ethan mcsweeny american shakespeare center artistic director

Photo by Alexander Berg.

INTERNATIONALLY ACCLAIMED DIRECTOR AND WINNER OF HELEN HAYES, DRAMA DESK, IRISH TIMES, AND OUTER CRITICS CIRCLE AWARDS
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STAUNTON, VA. – The American Shakespeare Center (ASC) today announced that the company has chosen Ethan McSweeny, an internationally acclaimed theatre artist with more than 80 productions to his credit, as its new Artistic Director.

McSweeny, a freelance director who has helmed productions on many of the preeminent stages across North America, on Broadway, off-Broadway, and abroad, succeeds Jim Warren, who co-founded the organization almost 30 years ago and stepped down at the end of 2017.

Co-founder Ralph Alan Cohen, the ASC’s director of mission, commented, “To have someone as accomplished and insightful as Ethan join us as our Artistic Director feels both gratifying and sustaining: It speaks to our success in the past three decades and assures that the future of the ASC will be brilliant.”

“I’ve appreciated the ASC from afar for some time,” McSweeny stated. “As I began to learn more about the organization, I was struck by the quality of what has been achieved and the potential the company has to grow its mission locally, regionally, nationally, and even internationally. The ASC’s celebration of the human spirit through Shakespeare is an inspiring goal that transcends merely the making of plays and engages with something larger, something that I am humbled and excited to become a part of nurturing and building.”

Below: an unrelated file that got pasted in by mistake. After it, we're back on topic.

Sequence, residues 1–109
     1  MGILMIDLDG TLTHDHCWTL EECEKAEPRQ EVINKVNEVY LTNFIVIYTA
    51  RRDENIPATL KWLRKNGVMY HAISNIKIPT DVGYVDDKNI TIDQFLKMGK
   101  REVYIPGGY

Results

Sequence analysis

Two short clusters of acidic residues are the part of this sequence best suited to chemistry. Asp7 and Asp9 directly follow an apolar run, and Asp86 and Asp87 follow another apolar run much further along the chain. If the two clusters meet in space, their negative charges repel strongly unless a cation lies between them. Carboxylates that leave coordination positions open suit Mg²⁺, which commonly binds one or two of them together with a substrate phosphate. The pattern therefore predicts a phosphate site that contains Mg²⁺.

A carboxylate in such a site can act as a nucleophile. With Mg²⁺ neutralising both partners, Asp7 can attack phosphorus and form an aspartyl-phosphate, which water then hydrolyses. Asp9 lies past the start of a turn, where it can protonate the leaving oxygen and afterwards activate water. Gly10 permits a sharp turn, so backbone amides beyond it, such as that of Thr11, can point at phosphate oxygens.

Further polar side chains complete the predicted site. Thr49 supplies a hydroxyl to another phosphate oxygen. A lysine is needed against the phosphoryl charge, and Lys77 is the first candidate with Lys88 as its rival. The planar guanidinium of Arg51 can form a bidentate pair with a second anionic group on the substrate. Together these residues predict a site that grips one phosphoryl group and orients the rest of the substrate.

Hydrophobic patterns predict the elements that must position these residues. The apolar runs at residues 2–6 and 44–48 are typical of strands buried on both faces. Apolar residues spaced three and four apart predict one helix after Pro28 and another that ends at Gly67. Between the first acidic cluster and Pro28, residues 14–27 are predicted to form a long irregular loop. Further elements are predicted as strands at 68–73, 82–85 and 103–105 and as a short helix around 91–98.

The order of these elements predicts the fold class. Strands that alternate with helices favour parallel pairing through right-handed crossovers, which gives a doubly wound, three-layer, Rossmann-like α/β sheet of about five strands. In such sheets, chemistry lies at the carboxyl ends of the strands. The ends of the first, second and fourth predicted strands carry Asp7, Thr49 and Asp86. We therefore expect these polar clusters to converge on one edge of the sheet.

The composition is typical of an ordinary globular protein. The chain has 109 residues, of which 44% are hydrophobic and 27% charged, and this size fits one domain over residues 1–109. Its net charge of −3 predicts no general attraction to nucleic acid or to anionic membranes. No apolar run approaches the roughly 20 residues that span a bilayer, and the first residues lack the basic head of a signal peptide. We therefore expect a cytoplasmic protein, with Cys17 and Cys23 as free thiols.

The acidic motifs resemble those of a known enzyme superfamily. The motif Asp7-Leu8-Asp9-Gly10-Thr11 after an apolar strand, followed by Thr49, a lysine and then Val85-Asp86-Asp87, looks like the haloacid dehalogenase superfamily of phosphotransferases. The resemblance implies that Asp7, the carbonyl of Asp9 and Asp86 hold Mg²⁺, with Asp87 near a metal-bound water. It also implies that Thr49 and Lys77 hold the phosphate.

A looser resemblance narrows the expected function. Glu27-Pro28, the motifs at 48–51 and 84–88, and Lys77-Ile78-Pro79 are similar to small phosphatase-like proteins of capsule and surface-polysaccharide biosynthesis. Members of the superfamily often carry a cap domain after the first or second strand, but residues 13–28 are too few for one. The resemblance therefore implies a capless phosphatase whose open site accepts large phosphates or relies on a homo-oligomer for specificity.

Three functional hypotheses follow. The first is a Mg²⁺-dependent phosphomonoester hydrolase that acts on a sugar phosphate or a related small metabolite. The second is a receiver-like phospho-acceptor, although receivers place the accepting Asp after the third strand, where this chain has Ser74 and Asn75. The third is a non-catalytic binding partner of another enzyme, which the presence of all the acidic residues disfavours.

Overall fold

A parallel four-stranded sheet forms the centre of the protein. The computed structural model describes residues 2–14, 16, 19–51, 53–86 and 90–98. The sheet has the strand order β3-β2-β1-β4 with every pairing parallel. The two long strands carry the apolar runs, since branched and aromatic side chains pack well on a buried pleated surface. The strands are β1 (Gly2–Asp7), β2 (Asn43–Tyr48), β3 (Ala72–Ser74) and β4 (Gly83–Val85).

“To say that we’re thrilled to introduce Ethan as our new Artistic Director would be an understatement,” said Christopher Little, chair of the ASC’s Board of Trustees. “We’re ecstatic that Ethan shares our vision that Shakespeare’s American Home can showcase Shakespeare and change lives one encounter at a time and know that he will bring new ideas, new creativity and new life to the ASC.”

McSweeny, upon earning the first bachelor in Theatre and Dramatic Arts conferred by Columbia University, spent four formative years as the Associate Director of the Shakespeare Theatre Company in Washington, D.C. For eight years, he lead the Chautauqua Theater Company in New York as co-Artistic Director, guiding the theatre to national prominence as a vital center for the cultivation of emerging artists and the incubation of exciting and relevant new work for the stage. Contributing to the national field, McSweeny served twelve years on Executive Board of SDC, the labor union representing Stage Directors and Choreographers, and remains deeply involved as a trustee of the SDC Foundation.

His productions have garnered more than 75 theatre award nominations and claimed 30 wins, including four for Best Director: Twelfth Night (Shakespeare Theatre Company, 2017); A Streetcar Named Desire (Gate Dublin, 2013); A Body of Water (The Old Globe, 2006); and Six Degrees of Separation (Guthrie, 2003). Among his New York City credits are Broadway productions of The Best Man in 2000 (Tony Award nomination, Drama Desk and Outer Critics Circle awards) and A Time To Kill in 2013, as well as the off-Broadway premieres of Ellen McLaughlin’s adaptation of Aeschylus’s The Persians, Kate Fodor’s Rx and 100 Saints, Jason Grote’s 1001, and John Logan’s Never the Sinner (Outer Critics Circle and Drama Desk Awards).